First, I will have to very strongly disagree with Dr. Wilczek’s first sentence and argue that it is not natural selection which drives us to keep going. Rather, it is the program of life within us that drives us to keep going. Natural selection only kills off those programs which are not suited for their environment, and “selects” those which survive and continue to propagate and thus continue to survive. It is a type of “weed whacker,” whacking those organisms which possess programs and functions which are detrimental to survival and reproduction within their respective environment. Basically, it is a scientific term used to describe the over all effect seen when some programs and functions become extinct within a certain environment because they can’t reproduce effectively within it while others survive and reproduce effectively within that same environment. Indeed, natural selection is not the creator of novelty, nor is it a driving force. Using the environment, it only selects between different organisms which are driven by the program of life. Natural selection is merely a scavenger, picking apart those programs and organisms that have been left behind in the race of life and yes, its mechanism is haphazard and cruel.

Then, Wilczek makes the statement that our minds which natural selection has supposedly sculpted for us are imperfect. I’m sure he is here saying that a flawed program is an argument for no purposeful design and rather is an argument for random design. Of course, he is assuming that programs are not necessarily produced by intelligence and that programs can be randomly realized. I will first respond to Wilczek’s statement that our minds are imperfect, then look into his argument that flawed programs are more likely to be randomly programmed than purposefully designed.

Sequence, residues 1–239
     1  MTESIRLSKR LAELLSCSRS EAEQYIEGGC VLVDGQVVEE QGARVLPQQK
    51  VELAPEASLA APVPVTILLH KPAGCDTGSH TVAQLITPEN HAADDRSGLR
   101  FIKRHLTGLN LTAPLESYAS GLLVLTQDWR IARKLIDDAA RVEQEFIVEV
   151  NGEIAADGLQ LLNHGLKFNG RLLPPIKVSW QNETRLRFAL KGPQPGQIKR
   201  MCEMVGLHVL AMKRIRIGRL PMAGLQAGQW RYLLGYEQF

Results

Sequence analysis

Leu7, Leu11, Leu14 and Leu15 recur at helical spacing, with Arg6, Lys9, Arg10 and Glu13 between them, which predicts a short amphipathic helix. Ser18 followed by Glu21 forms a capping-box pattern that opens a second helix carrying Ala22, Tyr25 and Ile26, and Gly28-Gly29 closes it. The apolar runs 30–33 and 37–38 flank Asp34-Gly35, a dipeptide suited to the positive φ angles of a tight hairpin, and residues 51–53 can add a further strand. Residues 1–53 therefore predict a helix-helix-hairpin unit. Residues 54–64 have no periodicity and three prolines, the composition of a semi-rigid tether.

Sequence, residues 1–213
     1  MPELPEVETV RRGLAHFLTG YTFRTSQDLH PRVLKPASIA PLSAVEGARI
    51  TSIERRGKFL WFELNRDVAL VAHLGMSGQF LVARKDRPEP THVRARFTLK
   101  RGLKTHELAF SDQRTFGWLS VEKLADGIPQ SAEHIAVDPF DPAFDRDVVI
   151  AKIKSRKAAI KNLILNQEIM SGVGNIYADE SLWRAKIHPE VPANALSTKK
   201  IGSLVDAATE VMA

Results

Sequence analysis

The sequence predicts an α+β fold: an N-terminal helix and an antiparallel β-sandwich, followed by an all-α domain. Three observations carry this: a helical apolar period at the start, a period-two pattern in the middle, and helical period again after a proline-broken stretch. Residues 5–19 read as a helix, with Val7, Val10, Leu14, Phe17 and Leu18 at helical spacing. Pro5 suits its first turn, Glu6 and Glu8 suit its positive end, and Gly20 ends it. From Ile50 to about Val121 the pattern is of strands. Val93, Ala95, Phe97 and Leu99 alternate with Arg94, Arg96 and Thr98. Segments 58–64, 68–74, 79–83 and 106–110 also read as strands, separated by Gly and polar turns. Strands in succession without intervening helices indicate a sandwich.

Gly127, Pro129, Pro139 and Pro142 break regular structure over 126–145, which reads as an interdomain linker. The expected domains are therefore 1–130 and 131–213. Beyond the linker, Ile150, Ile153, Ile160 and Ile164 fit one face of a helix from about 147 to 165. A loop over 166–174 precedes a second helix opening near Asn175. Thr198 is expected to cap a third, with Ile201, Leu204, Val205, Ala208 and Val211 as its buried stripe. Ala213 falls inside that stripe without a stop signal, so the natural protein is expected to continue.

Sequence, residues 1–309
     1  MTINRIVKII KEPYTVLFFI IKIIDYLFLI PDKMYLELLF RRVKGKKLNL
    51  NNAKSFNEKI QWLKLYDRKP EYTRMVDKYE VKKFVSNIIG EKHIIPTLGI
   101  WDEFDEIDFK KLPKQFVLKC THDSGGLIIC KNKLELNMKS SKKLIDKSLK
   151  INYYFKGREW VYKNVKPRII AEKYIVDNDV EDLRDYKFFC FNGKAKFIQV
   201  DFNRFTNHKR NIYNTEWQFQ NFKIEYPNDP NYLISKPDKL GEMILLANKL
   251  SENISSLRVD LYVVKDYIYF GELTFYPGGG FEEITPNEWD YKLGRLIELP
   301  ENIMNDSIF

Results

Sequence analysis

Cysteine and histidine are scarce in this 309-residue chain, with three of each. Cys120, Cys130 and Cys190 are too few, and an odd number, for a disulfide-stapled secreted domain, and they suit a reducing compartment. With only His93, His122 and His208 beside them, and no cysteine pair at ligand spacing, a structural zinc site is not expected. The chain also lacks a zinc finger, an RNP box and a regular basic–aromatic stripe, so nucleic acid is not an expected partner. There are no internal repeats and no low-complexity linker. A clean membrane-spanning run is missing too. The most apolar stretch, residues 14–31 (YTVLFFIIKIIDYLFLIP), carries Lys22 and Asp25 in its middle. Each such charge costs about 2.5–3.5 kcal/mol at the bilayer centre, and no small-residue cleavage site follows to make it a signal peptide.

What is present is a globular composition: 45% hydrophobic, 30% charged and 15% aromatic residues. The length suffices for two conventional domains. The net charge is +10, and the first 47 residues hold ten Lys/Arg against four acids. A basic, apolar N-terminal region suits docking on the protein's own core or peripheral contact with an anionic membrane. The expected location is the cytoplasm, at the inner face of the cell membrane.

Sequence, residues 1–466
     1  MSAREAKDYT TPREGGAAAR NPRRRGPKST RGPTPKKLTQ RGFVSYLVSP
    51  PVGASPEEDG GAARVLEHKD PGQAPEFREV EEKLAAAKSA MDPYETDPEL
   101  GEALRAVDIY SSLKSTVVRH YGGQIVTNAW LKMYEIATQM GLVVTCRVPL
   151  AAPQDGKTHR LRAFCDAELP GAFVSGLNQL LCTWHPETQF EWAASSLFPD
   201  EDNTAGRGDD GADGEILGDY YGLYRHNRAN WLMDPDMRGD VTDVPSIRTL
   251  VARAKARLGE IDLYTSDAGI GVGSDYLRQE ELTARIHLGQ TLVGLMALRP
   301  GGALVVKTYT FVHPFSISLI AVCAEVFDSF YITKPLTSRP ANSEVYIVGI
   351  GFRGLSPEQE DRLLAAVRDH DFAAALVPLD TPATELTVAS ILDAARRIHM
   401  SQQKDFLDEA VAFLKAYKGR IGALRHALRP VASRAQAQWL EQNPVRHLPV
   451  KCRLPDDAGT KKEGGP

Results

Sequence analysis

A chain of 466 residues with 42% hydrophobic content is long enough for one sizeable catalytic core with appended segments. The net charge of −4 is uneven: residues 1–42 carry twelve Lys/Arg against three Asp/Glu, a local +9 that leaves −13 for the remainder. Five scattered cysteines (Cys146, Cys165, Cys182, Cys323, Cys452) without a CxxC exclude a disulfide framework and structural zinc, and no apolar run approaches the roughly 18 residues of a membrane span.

Furthermore, as I look into this argument I will also discuss whether or not a program that is designed would indeed be “radically different” than one that is selected for by a process such as natural selection, which is a point he seems to imply.

I’m quite sure it could be said, in accordance with natural selection which seems to be Wilczek’s guideline, that the better a program is at surviving in its environment, the closer that program is to existing in a state of perfection. Well, even given natural selection as a premise, since our minds seem to be surviving quite well in a variety of environments, and indeed changing our environment to suite us, I’d say that our minds are quite close to perfection.

However, it is not clear to me the criterion Wilczek is placing on perfection. Nor is it clear whether a quantification of perfection can even be created using natural selection as a guideline. But, it is clear that he is saying that our mind, being the construction of nothing more than random mutations and natural selection, is flawed and he is showing two factors within our mind which he believes are flawed. These factors are our self-awareness and our self-control.